Ethics in Practice   |    
The Human FormAccepting the Prioritization of Patient Values
Michael Betsy, MD1; James D. Capozzi, MD2; Rosamond Rhodes, PhD3
1 Department of Orthopaedics, Mount Sinai Medical Center, 5 East 98th Street, New York, NY 10029
2 Departments of Orthopaedics, Mount Sinai Medical Center, 1065 Park Avenue, New York, NY 10128. E-mail address for J.D. Capozzi: capoz5@aol.com
3 Department of Bioethics, Mount Sinai School of Medicine, One Gustave Levy Place, New York, NY 10029-6574
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The Journal of Bone and Joint Surgery, Incorporated
J Bone Joint Surg Am, 2005 Jul 01;87(7):1653-1655. doi: 10.2106/JBJS.D.03005eth
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A seventeen-year-old boy who had had a subtotal femoral reconstruction because of an osteosarcoma in the left femur, and a subsequent revision for hardware failure, was again having severe pain secondary to failure of the endoprosthesis. The patient's original orthopaedic oncologist, who had performed both previous operations, recommended that the patient have an above-the-knee amputation. The patient and his parents inquired about the Van Nes rotationplasty. They were told directly that it was an antiquated procedure that was not done anymore. The prosthetist with whom they were working gave them the name of an orthopaedic oncologist who could perform the Van Nes procedure. They traveled 850 miles for a consultation, and the patient underwent the procedure.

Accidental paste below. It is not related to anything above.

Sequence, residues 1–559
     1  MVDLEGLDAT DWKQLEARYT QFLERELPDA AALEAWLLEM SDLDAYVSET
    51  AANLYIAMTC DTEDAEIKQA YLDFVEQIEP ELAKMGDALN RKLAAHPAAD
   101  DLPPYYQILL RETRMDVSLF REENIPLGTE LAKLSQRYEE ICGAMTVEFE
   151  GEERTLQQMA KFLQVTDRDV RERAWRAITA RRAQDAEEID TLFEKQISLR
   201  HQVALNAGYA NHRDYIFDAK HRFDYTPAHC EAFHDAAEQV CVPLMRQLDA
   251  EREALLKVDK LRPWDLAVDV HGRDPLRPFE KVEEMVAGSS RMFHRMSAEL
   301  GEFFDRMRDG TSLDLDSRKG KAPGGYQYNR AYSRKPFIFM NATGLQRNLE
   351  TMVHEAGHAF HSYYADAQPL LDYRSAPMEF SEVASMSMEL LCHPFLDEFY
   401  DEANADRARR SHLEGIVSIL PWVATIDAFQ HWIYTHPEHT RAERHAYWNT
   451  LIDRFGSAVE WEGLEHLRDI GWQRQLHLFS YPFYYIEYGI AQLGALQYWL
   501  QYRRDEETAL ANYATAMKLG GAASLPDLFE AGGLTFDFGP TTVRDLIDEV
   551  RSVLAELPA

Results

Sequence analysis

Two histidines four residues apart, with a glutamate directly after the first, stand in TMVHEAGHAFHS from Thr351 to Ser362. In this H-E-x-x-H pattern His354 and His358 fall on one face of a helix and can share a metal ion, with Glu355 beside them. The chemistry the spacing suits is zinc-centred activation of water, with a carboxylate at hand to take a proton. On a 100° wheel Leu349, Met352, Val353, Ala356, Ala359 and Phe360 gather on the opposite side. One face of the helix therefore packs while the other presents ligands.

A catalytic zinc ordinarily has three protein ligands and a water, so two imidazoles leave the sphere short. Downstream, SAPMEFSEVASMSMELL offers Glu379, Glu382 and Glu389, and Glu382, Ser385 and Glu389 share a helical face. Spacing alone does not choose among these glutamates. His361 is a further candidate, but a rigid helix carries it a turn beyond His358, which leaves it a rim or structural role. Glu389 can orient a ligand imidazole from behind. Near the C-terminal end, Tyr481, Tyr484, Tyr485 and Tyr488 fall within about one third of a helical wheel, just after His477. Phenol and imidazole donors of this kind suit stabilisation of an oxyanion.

Several months after the operation, the patient walked with a slight limp and looked like a perfectly normal teenager in a pair of jeans. On examination, he had a well-fitted below-the-knee prosthesis attached to his foot, which was in nearly 160° of what was essentially plantar flexion, perfectly matching the attitude of a knee as it couples to a below-the-knee prosthesis. The boy and his parents, who had decided months earlier to opt for an uncommonly performed procedure that would give him a chance at a "normal" appearing and functioning limb, deemed the surgery a complete success with an "excellent" outcome.

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    These activities have been planned and implemented in accordance with the Essential Areas and policies of the Accreditation Council for Continuing Medical Education (ACCME) through the joint sponsorship of the American Academy of Orthopaedic Surgeons and The Journal of Bone and Joint Surgery, Inc. The American Academy of Orthopaedic Surgeons is accredited by the ACCME to provide continuing medical education for physicians.
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